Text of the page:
Examination of The Old Guitarist with the Inframetrics camera allowed penetration of the uppermost layers of paint (the Guitarist composition) without extending past the second composition. Consequently, several previously obscure elements of the second composition became more visible. It is now obvious that the second figure was a young mother seated in the center of the composition with her left arm outstretched. A small, nursing child was kneeling at her right side. The head of a calf or sheep could be seen to the left of the mother's outstretched arm. Now clearly defined, the young woman has a thoughtful expression and long black hair.

Researchers at the Art Institute immediately began scouring photographs of Picasso's early drawings and paintings in an attempt to identify related works that might provide additional clues to the origin and meaning of the underlying paintings. Although a few related works were identified, unfortunately, none were preparatory studies for the second composition hidden beneath The Old Guitarist.

Art Institute conservators shared their infrared images and research with colleagues at the Cleveland Museum of Art and the National Gallery in Washington, D.C. William Robinson, Associate Curator of Paintings at the Cleveland Museum of Art, identified a sketch in a letter from Picasso to his friend Max Jacob that depicted the same subject as the second composition under The Old Guitarist. That sketch features a mother and child in exactly the same pose (including the mother's right arm extended behind the child) as the one seen in the infrared and x-ray images taken at the AIC. Also present are a calf and the head of a cow, the cow apparently licking the calf's head. Careful re-examination of the x-rays and infrared images of The Old Guitarist confirmed the presence of the cow's head in the top right corner and the tongue, originally thought to be the horn or ear of the calf. Picasso mentions in his letter to Jacob that he was in the process of completing this painting. This letter, signed "Barcelona 1 mayo 1903," slightly predates The Old Guitarist (Barcelona, late 1903 - early 1904). The problem of identifying the second composition beneath The Old Guitarist was finally solved. It is the very painting Picasso described in his letter to Jacob. No one knows why Picasso abandoned his earlier composition, but his letter to Jacob indicates that Picasso considered the painting important enough to share it with his friend.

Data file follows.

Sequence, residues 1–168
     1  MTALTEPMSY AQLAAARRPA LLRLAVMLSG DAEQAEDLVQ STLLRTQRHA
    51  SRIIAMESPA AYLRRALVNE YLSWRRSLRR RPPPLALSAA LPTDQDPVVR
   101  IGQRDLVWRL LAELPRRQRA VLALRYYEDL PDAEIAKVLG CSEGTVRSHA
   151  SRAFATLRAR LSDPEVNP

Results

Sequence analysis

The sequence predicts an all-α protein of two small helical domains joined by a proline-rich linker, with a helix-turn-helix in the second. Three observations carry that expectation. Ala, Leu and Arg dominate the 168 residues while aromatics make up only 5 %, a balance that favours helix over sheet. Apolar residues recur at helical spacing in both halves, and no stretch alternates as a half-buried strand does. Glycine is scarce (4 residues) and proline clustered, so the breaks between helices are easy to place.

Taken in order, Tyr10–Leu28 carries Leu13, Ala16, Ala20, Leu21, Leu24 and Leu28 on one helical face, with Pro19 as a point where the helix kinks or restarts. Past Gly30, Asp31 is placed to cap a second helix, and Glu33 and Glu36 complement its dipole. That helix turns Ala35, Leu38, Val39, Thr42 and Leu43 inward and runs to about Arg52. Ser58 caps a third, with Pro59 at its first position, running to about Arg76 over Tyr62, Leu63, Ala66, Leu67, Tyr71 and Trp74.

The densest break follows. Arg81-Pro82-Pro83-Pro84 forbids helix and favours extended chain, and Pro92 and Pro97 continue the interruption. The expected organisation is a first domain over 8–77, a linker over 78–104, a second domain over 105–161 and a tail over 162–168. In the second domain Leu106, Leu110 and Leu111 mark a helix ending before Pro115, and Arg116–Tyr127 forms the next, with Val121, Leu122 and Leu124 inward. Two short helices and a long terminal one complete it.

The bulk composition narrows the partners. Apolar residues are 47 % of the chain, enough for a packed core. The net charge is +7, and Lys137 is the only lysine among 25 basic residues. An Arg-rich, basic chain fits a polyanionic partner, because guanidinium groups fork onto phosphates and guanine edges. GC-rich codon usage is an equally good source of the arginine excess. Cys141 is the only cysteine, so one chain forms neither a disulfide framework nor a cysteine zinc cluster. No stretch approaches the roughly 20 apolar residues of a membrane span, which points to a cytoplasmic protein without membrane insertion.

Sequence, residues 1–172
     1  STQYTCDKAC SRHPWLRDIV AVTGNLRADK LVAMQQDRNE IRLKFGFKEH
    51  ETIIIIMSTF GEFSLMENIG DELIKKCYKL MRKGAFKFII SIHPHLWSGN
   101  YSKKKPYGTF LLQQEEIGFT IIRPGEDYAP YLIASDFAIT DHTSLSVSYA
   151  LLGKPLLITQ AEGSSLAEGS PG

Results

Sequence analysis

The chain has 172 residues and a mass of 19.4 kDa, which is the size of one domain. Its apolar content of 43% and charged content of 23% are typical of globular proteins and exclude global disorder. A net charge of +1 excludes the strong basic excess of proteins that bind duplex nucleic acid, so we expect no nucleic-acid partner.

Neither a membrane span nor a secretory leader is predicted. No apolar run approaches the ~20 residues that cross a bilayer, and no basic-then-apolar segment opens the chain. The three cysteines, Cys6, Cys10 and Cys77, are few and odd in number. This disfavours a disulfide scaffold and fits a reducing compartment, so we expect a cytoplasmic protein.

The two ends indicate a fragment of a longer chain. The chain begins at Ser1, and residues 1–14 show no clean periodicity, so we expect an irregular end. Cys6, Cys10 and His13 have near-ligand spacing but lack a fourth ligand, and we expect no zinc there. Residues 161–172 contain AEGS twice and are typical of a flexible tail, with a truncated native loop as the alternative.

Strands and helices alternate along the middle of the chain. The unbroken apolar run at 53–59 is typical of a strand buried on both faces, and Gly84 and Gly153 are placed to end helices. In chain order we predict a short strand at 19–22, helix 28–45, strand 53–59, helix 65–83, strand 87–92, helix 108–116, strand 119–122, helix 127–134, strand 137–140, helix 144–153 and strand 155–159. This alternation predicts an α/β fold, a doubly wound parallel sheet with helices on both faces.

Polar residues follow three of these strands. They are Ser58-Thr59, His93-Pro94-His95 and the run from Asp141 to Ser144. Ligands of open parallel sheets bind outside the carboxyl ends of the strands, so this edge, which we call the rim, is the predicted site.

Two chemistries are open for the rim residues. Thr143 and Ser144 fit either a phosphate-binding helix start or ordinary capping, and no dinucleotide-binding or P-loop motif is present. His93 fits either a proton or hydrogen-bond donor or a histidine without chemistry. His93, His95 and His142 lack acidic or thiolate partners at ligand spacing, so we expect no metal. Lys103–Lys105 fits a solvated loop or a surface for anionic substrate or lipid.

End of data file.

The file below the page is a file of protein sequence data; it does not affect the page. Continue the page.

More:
Not only have technical examinations by the AIC conservation department -- combined with art historical research and close collaborations with colleagues at other institutions, provided new insight into the creation of The Old Guitarist -- more importantly, they have aided in the rediscovery a lost Picasso painting. AIC conservators are continuing their examination and analysis of The Old Guitarist in an effort to resolve crucial issues. Among the most important are the need to further clarify the image of the older woman in the first underlying painting and the desire to determine whether the same blue palette Picasso used for The Old Guitarist can be found in the earlier compositions.

Infrared Reflectogram of <I>The Old Guitarist</I>
Infrared Reflectogram of The Old Guitarist
Copyright Art Institute of Chicago
<I>X-ray of the Old Guitarist</I>
X-ray of The Old Guitarist
Copyright Art Institute of Chicago